Date of Award


Degree Name

EdD Doctor of Education

Dissertation Committee

Douglas B. Fisher, PhD; Cheryl L. Mason, PhD; Robert L. Infantino, EdD


Advancement Via Individual Determination--AVID, AVID program graduates, case study, college transition, critical reading, expository writing, first year of college, higher education, teachers


Although the Advancement Via Individual Determination (AVID) program has been operating in San Diego County for more than twenty years, there was a lack of research investigating how AVID program graduates experienced the transition to college. A well-established positive correlation between acceptances to four-year universities by AVID program graduates exists, but research on AVID lacked individual student narrative needed to give more depth to the data. The purpose of this case study was to investigate the transition experiences of AVID program graduates who were beginning their second year of college at competitive four-year public universities. All eight participants, in the AVID pre-college program for at least three years, had successfully transitioned to the university. The study was framed by two research questions: (1) How did AVID program graduates adapt academically and culturally to a four-year public university during their first year? (2) In what ways did they attribute their persistence in college to their high school AVID experience? The findings indicated that the participants, all first generation college, felt both academically and culturally challenged during the transitional year, especially in the areas of critical reading and expository writing. Some participants, not accustomed to the academic reading and writing standards of the university, used a trial and error method to attempt to meet the requirements and did not consistently execute the strategies learned in AVID. These students reported missing classes and avoiding reading assignments. This lack of academic persistence was troublesome for AVID trained students, especially in the critical early stages of college transition. As the students moved through the transition phase, they showed evidence of developing an academic identity, and increasing skill navigating university culture. All participants still utilized several AVID study techniques such as Cornell note-taking and study groups. Support given by participants' families was a reoccurring theme, but their families lacked the knowledge to help these students enter college. AVID teachers filled this gap by becoming surrogate school parents who provided social and cultural capital in the form of information, study skills and organizational structure, which allowed the participants to navigate their way into college and persist.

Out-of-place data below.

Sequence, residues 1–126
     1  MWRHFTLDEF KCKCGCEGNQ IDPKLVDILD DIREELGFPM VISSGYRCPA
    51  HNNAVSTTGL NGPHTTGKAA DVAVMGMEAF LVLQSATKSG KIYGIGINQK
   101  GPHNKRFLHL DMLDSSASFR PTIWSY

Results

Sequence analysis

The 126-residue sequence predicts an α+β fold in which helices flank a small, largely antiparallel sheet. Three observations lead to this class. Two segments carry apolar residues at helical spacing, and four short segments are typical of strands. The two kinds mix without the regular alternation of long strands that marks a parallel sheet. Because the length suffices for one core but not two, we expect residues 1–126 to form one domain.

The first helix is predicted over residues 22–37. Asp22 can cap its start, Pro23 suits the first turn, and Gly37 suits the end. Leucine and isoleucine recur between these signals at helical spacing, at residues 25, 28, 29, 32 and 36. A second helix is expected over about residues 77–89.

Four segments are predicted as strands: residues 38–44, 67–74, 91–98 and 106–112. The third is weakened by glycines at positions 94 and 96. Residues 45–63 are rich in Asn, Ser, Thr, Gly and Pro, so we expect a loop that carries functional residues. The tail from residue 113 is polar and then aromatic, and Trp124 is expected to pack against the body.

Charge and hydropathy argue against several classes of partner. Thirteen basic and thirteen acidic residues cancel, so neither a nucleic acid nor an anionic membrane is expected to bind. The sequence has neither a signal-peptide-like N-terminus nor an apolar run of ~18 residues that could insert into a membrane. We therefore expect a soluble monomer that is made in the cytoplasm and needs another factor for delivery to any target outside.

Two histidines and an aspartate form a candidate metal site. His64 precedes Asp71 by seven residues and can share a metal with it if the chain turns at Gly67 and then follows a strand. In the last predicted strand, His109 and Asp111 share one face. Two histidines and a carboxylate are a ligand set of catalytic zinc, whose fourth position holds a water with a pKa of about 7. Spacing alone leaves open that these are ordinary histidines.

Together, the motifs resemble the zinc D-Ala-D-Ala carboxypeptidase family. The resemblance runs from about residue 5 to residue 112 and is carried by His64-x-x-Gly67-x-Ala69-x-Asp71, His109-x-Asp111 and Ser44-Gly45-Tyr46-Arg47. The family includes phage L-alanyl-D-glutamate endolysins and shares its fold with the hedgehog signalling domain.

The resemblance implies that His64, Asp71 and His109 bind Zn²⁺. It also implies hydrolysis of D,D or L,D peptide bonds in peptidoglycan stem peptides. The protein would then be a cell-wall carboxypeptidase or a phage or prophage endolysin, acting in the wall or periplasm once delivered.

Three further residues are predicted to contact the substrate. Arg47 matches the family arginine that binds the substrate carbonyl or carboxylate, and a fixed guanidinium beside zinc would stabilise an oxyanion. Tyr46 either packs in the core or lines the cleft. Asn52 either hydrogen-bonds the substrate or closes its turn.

Document Type

Dissertation: Open Access